This week, the PC Party is preparing for our first AGM since the spring election. As I think about the agenda and the things that the Party needs to achieve over the next four years, I was reflecting upon this commentary and all of the issues that have been commented on in the past.
It's hard to believe that the first one of these I attempted to do was in March of 2010 and there is a lot of water under the proverbial bridge since then. Saskatchewan has changed a lot but unfortunately, many things have not changed at all or very little.
The readership of this commentary has gone from a few dozen die-hard PCs to hundreds of individuals around the province - some of whom are political and some of whom are just interested citizens. There are actually a few people from outside the province who view this commentary on a weekly basis and send back their thoughts every once in a while. There have also been a few people who have let me know that they don't like my comments about Brad Wall and the Sask Party primarily and have asked to have their names removed from the list. It's a free country. I also know that other political parties monitor this commentary as do some members of the media - whether they will ever admit it or not. I can tell you that all feedback - whether positive or negative - is always appreciated. Politicians should have open minds and thick skins. That's how you affect meaningful change.
There are two items I wish to comment on this morning where I hope meaningful change occurs. The first one is that the government is announcing today their proposed legislative changes around the issues of drinking and driving. The spate of recent drunk driving occurrences causing death and the recent conviction of the Sask Party Deputy Premier for impaired driving should give the government the mandate and the moral persuasion to bring about fundamental change.
We need stiffer penalties for those who abuse their driving privileges and better educational services to drive home the message that drinking and driving is not permissible in our society today. We shall see if they have the courage to do the right thing.
The other issue I wish to comment on this morning is the recent announcement of another death by suicide of a teenager in northern Saskatchewan. It is so unfortunate that it takes these tragic events to get people focused on an issue that has been building for hundreds of years. We created communities hundreds of years ago around the fur trade industry and when that industry died, we did not begin the process of thinking of how these communities would continue to grow and prosper.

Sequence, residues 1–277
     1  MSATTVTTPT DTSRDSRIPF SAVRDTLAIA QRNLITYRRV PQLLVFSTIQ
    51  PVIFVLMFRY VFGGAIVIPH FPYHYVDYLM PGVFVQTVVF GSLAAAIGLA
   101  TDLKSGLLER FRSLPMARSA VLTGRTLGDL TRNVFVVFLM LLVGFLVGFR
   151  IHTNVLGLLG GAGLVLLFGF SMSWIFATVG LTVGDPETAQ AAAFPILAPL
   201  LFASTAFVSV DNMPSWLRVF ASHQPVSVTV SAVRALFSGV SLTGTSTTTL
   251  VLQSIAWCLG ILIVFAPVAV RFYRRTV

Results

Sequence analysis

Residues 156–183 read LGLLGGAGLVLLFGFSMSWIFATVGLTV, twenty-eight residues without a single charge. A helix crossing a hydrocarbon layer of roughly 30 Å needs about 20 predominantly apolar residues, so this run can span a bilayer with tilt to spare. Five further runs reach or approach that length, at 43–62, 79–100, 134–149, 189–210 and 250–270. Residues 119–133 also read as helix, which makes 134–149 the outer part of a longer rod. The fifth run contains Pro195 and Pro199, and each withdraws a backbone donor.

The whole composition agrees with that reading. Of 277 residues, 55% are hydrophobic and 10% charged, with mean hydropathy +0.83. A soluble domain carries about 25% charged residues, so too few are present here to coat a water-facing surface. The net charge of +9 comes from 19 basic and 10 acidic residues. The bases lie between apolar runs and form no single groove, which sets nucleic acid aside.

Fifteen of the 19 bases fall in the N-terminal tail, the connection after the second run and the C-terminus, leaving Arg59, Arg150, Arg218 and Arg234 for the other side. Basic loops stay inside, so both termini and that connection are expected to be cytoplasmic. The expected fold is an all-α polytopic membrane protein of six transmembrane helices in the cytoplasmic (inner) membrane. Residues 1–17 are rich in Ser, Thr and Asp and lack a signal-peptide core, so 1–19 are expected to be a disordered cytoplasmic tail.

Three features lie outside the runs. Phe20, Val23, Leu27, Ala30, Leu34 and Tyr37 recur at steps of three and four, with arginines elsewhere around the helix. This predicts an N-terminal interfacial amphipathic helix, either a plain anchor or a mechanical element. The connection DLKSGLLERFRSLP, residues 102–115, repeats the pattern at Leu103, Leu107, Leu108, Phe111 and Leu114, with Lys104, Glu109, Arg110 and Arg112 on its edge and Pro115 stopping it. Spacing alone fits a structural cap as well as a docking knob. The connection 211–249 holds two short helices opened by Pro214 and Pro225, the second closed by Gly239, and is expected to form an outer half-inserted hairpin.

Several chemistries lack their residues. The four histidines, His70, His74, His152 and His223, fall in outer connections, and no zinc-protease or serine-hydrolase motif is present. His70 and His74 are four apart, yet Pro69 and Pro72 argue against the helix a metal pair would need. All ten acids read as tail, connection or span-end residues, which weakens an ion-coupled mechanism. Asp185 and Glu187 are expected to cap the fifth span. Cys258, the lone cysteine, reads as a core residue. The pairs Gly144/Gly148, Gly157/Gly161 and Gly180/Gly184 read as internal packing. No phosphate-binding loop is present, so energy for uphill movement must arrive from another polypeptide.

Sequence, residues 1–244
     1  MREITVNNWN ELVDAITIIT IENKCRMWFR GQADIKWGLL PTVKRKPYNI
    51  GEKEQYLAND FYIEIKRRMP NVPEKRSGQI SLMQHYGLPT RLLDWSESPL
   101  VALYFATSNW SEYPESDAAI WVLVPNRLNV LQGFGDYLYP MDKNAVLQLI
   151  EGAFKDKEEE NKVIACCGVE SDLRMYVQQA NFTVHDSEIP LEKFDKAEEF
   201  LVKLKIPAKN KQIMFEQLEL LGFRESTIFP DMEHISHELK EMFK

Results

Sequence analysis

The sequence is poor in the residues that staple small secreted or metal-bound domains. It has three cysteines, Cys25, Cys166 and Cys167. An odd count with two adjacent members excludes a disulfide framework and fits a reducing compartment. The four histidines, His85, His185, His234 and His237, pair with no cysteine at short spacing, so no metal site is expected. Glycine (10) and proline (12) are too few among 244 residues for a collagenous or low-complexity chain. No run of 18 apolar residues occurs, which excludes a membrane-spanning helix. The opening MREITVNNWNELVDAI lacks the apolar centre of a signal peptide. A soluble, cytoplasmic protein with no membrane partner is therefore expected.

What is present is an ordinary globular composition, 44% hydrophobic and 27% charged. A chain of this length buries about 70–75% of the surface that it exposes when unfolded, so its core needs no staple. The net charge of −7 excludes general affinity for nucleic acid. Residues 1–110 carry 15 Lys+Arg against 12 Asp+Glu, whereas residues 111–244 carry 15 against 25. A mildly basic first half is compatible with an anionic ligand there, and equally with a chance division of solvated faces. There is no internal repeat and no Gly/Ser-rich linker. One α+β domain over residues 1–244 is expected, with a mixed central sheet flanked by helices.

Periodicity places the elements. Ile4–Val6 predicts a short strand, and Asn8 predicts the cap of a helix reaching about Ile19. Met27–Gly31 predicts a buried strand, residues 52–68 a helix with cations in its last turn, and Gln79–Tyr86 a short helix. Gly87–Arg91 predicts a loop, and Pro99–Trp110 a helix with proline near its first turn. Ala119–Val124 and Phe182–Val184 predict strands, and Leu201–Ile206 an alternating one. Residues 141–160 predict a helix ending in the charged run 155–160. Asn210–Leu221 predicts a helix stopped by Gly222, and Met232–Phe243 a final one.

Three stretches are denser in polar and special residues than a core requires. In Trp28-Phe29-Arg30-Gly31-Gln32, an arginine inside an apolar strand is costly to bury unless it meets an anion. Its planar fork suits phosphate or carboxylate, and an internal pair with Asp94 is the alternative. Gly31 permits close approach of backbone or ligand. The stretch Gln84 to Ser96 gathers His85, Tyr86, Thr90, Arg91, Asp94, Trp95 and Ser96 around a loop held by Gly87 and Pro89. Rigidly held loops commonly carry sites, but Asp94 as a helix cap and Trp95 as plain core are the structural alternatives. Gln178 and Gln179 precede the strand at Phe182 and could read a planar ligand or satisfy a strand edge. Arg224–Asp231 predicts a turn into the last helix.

Yes the mining industry in a few locations has done a pretty good job and the tourism industry in the short season available to it also has been a pretty good employer. But the fact of the matter is modern medicine and technology means that growing populations in northern communities have far outstripped the ability of those communities to provide meaningful, long-term employment.
If you are a young person facing those realities today and you know through modern communications that there is a much bigger world available to you with many other opportunities and yet you are locked into your current reality for life then despair rapidly sets in. How much longer can we keep sustaining communities with no employment, high food costs, high energy costs and inappropriate educational opportunities? How many more generations will be subject to substance abuse and family dysfunction before we have honest and straight forward discussions about the current situation?
There are things like building all-weather roads and putting in place power generation and telecommunications that can be done primarily with northern workers and the education to do the job if some of our politicians would look past the four-year election cycle. These are things that can make fundamental change happen and they do benefit all taxpayers because they allow people to begin helping themselves and allow the rest of us to visit and work in that part of Saskatchewan.
Northern Saskatchewan is blessed with many resources. Unfortunately, the human resource is not being allowed to reach its full potential. If our northern communities cannot find meaningful employment bases and more ways to allow young people to achieve their dreams, then maybe there is no reason for them to exist in their current locations or makeup. I don't have all the answers in this commentary this morning but I do know from my few short months as Minister of Indian and Metis Affairs in 1991 to today that not enough fundamental change has occurred and unfortunately, we have not heard the last of desperate young people who see no future and therefore taking what they view as the only way out from a life with no hope.
These issues must be debated for “The Right Reasons”